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[News] Jon "Maddog" Hall Excited About the Success of Free Software

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What a long, strange trip it has been...and continues to be

,----[ Quote ]
| While a lot of people are still using closed source, proprietary software, 
| the message of Free Software is becoming better understood by more people. I 
| believe we are gaining the critical mass needed to provide good jobs for 
| anyone writing and contributing to Free Software.   
| On Tuesday, May 26th I leave for a conference in Salvador, Bahia, Brazil. 
| There, as I have for a couple of conferences this year and will for a couple 
| more conferences this year, I will be talking to young people (and 
| not-so-young people) about both the past history and the future promise of 
| Free Software.     



Paw Prints: Writings of the maddog

,----[ Quote ]
| I was working for Digital Equipment Corporation when I first met Linus and
| facilitated the port of Linux onto the Alpha processor.
| During the port, a member of the community contacted me and asked if Digital
| would contribute their math library to the Linux project, since Digital's
| math library was a great deal faster than the one currently in use on the
| Alpha Linux port. I easily got Digital to contribute the Digital Unix math
| library in binary form, but they refused to make the library "open source"
| because of the investment that they had put into it.


When Linux fails

,----[ Quote ]
| Jon “Maddog” Hall’s keynote talk at the Ontario Linux Fest also made this 
| point in a very powerful way. Jon is a wonderfully entertaining speaker, and 
| not afraid of controversy. Showing a picture of a child in the African bush 
| holding a “One Laptop per Child” laptop he said, “I don’t care about this 
| kid.” The audience drew a shocked breath. “He’s screwed,” continued 
| Jon. “Five hundred miles of bush behind him, five hundred miles of bush in 
| front of him. There’s nothing I can do to help here”. Jon flipped the slide 
| to show a Brazilian “favela”, or slum city, with an incredibly dense 
| population, seeming to cling to the side of a nearby hill. He said, “This is 
| where I can help. These kids have electricity. They can get a network 
| connection. I can do something with Open Source and Free Software here”.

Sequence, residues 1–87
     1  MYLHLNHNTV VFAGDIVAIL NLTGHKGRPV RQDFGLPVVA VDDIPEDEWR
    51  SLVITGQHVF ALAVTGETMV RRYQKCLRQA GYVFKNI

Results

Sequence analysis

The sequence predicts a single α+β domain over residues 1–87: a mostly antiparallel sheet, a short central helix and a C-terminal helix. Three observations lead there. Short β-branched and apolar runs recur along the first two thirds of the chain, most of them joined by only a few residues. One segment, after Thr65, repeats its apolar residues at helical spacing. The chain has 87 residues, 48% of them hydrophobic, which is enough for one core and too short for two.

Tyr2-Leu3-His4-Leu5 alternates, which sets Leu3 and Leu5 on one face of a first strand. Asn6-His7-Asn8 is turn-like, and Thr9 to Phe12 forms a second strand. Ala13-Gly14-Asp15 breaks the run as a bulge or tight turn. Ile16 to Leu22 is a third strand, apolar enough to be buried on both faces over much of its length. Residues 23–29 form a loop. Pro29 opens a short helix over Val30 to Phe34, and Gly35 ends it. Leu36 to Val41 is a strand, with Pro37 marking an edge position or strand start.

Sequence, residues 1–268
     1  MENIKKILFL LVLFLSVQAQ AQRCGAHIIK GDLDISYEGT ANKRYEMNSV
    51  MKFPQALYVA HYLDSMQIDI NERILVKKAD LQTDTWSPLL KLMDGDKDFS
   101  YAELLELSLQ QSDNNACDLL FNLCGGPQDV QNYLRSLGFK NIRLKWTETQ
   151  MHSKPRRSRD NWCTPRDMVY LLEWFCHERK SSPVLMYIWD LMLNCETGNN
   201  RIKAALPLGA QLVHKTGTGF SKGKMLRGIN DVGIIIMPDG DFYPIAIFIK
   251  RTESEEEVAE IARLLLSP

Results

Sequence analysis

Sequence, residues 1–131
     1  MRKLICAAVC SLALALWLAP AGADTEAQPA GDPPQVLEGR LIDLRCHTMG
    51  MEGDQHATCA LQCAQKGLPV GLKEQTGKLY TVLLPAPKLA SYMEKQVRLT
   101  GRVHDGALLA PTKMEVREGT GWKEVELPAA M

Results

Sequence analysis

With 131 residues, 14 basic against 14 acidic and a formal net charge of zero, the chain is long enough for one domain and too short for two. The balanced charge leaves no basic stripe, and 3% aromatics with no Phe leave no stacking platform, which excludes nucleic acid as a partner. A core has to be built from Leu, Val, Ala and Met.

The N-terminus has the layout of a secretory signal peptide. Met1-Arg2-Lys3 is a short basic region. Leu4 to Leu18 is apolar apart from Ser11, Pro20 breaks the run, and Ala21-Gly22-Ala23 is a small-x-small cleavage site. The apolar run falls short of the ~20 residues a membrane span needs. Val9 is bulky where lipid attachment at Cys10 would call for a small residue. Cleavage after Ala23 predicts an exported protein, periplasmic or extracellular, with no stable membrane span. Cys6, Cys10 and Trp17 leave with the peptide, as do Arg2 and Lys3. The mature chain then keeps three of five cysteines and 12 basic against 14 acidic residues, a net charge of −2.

| Jon isn’t a callous person. He’s just decided to focus his resources on 
| somewhere he knows he can help today. It’s hard to find fault with him for 
| that.  


Show me the Code

,----[ Quote ]
| I was probably always subtly aware of the abilities of some free software
| programmers, so I should not continue to be amazed by what they can do. But I
| must admit they do continue to astonish me.



Open Source Software and Africa

,----[ Quote ]
| As an advocate for free, open-source software, I have run into
| Microsoft's "battles" many times, and your article ("Microsoft Battles
| Low-Cost Rival for Africa," page one, Oct. 28) made visible many of the
| issues around money-poor African nations being wooed by a large, powerful
| monopoly.
| However, your article doesn't go into the deeper value of using FOSS in
| Africa. Because FOSS supplies the source code for the software used, end
| users have the choice of using the software as it exists on the Internet or
| changing the software to meet their needs. Getting security fixes for
| software running on older systems (a natural need when you make $3 a day),
| changing the software to support your native language (not everyone speaks
| English), getting ancient peripherals to work long after the vendor lost
| interest in them (usually less than a year after the product ships), and
| developing a software economy in their own economic terms (creating high-tech
| jobs inside of their countries, instead of sending the money out of their
| countries) are all things that should be considered in the argument of free
| versus closed-source software.
| The public should ask how a company like Microsoft can continue to justify to
| their shareholders creating needed changes to their software for people who
| can't pay for those changes? The answer is that they can't justify it. In the
| future they will have to either start charging for the software on which
| people are now dependent or abandon the effort.

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